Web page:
The Oral Contraceptive Pill
The Oral Contraceptive Pill
19th Jun

2014

The Oral Contraceptive Pill

The oral contraceptive pill (OCP) comes in two main forms: the combined oral contraceptive pill (COCP) (which contains the hormones oestrogen and progesterone) and the progesterone only pill (POP).  Both are effective contraceptives when used in the correct way.  The decision to use one or the other may depend on factors such as reactions or side effects from certain hormones, whether you are breastfeeding and how reliably you will be taking the tablets (the POP has a narrow window each day that it needs to be taken to be effective).

As well as its contraceptive effect, the OCP can have other beneficial effects and is often used to regulate periods or decrease the amount of pain or bleeding during a period.  There is also an overall reduction in the likelihood of developing ovarian cancer and endometrial cancer (of the lining of the uterus).  Women on the COCP can also choose to skip periods by continuing to take the active pills, which can also help to reduce pain as well as being more convenient.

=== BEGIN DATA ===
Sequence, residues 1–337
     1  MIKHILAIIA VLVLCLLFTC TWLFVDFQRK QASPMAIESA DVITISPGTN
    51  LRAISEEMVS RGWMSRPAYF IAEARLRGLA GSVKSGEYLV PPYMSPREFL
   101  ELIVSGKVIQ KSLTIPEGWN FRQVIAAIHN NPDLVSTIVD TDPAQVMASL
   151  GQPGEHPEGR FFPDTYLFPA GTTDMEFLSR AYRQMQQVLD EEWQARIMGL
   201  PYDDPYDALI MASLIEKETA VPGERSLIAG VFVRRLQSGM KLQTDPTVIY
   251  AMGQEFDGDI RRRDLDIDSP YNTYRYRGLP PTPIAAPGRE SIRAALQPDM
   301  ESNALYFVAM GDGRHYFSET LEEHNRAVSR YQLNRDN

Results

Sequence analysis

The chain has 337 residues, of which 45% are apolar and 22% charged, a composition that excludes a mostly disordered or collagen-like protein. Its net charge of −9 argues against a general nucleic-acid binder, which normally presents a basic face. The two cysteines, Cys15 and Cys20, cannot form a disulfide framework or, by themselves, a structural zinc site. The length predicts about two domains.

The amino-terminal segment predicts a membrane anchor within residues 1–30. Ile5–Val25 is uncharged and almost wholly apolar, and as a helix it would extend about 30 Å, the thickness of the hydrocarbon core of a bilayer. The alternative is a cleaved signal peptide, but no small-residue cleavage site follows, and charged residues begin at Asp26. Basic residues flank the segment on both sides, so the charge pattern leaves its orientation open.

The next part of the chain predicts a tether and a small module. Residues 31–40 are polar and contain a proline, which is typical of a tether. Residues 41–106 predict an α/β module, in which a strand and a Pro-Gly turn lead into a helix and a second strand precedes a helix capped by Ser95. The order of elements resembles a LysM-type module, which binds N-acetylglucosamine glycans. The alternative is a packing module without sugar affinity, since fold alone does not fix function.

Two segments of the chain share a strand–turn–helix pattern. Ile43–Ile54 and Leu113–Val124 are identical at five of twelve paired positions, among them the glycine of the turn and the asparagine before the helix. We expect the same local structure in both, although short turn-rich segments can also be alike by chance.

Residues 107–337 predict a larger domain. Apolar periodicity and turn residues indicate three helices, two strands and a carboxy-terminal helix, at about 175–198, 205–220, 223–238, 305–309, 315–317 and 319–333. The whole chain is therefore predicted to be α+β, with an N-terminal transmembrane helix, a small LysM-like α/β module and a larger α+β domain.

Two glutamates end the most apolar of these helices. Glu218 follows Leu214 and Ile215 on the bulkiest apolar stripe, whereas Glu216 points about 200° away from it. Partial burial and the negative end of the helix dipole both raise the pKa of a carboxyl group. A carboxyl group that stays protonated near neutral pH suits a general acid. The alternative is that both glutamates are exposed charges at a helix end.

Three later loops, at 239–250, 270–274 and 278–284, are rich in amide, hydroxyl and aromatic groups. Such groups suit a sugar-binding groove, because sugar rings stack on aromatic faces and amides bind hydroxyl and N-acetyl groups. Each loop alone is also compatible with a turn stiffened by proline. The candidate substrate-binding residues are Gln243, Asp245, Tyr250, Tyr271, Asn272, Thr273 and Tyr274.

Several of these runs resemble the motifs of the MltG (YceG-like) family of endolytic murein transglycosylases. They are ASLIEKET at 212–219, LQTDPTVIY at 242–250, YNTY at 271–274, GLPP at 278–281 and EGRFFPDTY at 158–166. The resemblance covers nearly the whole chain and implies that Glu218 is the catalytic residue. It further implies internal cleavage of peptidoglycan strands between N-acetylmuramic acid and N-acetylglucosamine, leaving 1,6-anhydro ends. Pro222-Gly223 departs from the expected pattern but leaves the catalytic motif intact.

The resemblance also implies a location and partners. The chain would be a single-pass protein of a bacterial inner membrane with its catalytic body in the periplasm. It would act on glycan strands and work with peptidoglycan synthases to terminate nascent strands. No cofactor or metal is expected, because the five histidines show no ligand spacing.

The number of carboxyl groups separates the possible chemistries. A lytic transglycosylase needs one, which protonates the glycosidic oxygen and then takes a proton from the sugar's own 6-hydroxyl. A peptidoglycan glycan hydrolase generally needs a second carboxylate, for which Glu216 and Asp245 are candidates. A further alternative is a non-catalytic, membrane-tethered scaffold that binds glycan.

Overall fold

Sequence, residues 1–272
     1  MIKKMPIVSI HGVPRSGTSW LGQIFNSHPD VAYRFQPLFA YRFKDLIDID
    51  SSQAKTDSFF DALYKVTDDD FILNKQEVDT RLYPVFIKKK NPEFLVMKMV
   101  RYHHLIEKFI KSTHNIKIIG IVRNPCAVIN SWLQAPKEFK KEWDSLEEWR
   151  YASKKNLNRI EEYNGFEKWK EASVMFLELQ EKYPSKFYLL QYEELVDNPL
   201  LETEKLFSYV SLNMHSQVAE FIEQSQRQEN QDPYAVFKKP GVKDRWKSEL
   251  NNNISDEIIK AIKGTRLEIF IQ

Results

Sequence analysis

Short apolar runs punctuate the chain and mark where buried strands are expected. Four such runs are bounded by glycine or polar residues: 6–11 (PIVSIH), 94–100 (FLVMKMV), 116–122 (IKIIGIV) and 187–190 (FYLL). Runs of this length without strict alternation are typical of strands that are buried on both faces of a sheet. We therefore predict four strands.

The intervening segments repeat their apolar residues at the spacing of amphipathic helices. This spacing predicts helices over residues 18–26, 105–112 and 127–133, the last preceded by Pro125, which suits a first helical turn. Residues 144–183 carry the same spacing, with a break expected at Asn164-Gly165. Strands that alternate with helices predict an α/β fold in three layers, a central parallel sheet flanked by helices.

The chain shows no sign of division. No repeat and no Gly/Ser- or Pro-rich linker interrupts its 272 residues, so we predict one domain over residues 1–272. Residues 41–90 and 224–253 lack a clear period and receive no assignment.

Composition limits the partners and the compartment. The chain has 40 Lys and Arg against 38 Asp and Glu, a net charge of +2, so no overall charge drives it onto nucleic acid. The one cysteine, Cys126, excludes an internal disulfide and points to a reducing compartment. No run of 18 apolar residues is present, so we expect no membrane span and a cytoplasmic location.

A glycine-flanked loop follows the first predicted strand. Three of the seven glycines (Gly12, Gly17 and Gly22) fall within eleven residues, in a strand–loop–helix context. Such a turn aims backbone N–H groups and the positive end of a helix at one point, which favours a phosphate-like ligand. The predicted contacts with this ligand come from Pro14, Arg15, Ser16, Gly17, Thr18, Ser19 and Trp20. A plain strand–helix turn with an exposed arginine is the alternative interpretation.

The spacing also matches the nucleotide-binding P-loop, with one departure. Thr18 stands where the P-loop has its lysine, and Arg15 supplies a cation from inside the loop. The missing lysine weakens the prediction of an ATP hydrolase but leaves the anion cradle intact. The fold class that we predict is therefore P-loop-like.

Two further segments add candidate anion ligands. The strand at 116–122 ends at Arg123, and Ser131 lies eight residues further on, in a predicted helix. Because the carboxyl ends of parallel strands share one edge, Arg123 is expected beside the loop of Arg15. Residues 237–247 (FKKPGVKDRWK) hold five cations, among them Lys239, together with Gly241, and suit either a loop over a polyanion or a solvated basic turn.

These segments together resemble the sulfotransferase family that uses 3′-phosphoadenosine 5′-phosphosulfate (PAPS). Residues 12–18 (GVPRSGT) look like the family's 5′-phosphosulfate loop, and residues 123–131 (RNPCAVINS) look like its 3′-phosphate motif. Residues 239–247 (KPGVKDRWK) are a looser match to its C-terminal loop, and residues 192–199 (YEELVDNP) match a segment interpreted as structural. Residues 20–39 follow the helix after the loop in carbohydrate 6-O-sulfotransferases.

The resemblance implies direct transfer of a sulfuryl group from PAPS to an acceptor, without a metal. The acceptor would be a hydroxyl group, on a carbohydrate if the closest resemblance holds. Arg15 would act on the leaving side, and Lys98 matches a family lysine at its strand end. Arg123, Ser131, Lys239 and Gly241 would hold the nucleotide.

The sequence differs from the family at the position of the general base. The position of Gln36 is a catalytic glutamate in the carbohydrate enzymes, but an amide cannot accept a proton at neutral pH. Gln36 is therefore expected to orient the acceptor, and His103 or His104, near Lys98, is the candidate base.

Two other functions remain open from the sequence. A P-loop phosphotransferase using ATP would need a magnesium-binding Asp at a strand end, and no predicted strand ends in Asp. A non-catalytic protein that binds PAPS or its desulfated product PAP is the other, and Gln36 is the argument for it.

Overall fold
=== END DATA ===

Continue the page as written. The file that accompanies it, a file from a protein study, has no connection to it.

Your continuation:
Side effects of the OCP may include breast swelling and tenderness, as well as some irregular bleeding in the first few months of taking the tablets. These effects usually settle down after 3 months. Rarer side effects include irritability, headaches and a reduced desire for sex. Although it is often blamed for this, there is no evidence that the OCP is associated with weight gain. A number of studies have shown that there is a natural weight gain for women over time, and this is unaffected by the OCP. Serious health problems as a result of the OCP are rare, but include an increased risk of developing blood clots in the legs or the lungs. If you experience severe sudden chest pain, shortness of breath, swelling of one leg, blurring of the vision or a sudden severe headache whilst taking the OCP contact your doctor immediately.

The OCP is not for everyone, but there are many options for both contraception and period issues. Speak to your doctor for more advice.

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